More fundamentally, plaintiffs and the dissent challenge the entry suspension based on their perception of its effectiveness and wisdom. They suggest that the policy is overbroad and does little to serve national security interests. But we cannot substitute our own assessment for the Executive’s predictive judgments on such matters, all of which are delicate, complex, and involve large elements of prophecy.
Kennedy wrote a short concurring opinion, affirming the “necessity that officials adhere to [First Amendment] guarantees and mandates in all their actions.”
Thomas also wrote separately, expressing serious doubt about the ability of federal district courts to enter universal injunctions, an issue the majority chose not to address.
Justice Stephen Breyer wrote a dissenting opinion, joined by Justice Elena Kagan, expressing the view that a president’s antireligious bias is a sufficient basis to set the proclamation aside, but that more evidence is required.
And Justice Sonia Sotomayor, joined by Justice Ruth Bader Ginsburg, also dissented, arguing that a reasonable observer would conclude the proclamation was motivated by anti-Muslim animus and thus the plaintiffs are likely to succeed on the merits of their Establishment Clause claim.
In her dissent, Sotomayor invoked the Supreme Court’s infamous decision in Korematsu v. United States, in which the justices upheld the constitutionality of President Franklin Roosevelt’s order interning Japanese-Americans during World War II.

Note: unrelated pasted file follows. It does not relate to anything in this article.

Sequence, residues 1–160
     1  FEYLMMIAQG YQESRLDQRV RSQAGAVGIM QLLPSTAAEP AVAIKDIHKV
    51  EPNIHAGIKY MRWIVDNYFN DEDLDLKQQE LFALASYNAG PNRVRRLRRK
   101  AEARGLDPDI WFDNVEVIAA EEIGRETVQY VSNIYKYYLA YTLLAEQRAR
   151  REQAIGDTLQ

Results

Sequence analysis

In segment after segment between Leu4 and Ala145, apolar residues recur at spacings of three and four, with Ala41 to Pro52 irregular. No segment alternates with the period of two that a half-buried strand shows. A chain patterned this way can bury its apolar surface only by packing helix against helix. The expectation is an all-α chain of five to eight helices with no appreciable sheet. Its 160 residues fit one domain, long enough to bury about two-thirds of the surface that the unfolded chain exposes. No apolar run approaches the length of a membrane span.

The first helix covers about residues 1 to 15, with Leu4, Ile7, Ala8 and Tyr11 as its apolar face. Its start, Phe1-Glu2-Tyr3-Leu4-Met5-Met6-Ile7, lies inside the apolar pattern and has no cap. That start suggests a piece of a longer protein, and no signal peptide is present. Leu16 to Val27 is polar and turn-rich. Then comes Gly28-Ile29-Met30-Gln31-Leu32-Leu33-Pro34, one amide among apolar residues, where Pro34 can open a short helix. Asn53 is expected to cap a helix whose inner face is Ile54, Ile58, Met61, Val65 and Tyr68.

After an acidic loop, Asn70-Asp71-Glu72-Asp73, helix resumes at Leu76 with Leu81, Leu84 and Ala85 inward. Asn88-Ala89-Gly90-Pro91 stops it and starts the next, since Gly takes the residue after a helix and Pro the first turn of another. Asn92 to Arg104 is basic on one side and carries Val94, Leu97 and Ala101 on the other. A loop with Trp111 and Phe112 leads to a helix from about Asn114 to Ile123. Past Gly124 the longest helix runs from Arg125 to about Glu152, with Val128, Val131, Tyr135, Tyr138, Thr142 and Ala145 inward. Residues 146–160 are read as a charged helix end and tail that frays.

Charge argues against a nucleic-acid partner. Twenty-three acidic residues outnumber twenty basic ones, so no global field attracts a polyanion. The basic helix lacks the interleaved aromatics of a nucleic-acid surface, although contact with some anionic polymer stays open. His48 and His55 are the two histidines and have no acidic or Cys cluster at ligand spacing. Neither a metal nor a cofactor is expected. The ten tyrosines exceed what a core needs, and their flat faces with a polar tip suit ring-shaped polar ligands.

This evoked a strong response from Roberts, who wrote:
Whatever rhetorical advantage the dissent may see in doing so, Korematsu has nothing to do with this case. … [I]t is wholly inapt to liken that morally repugnant order to a facially neutral policy denying certain foreign nationals the privilege of admission.
The chief justice noted that the “dissent’s reference to Korematsu, however, affords this Court the opportunity to make express what is already obvious: Korematsu was gravely wrong the day it was decided, has been overruled in the court of history, and—to be clear—has no place in law under the Constitution.”
As the Supreme Court acknowledged in Reno v. American-Arab Anti-Discrimination Committee in 1999, courts are “ill equipped to determine [the] authenticity and utterly unable to assess [the] adequacy” of a president’s “reasons for deeming nationals of a particular country a special threat.”
Indeed, as the Supreme Court stated in 2010 in Holder v. Humanitarian Law Project, “when it comes to collecting evidence and drawing factual inferences” in the area of national security, “the lack of competence on the part of the courts is marked, and respect for the Government’s conclusions is appropriate.”
As Roberts noted, courts traditionally accord great deference to the executive branch when it comes to national security issues, and for good reason.
After all, the president receives daily classified intelligence briefings about the many threats we face. Federal judges do not. Presidents are given primary responsibility for protecting our homeland. Federal judges are not.
The Supreme Court reached the correct conclusion here, and we are all just a little bit safer as a result.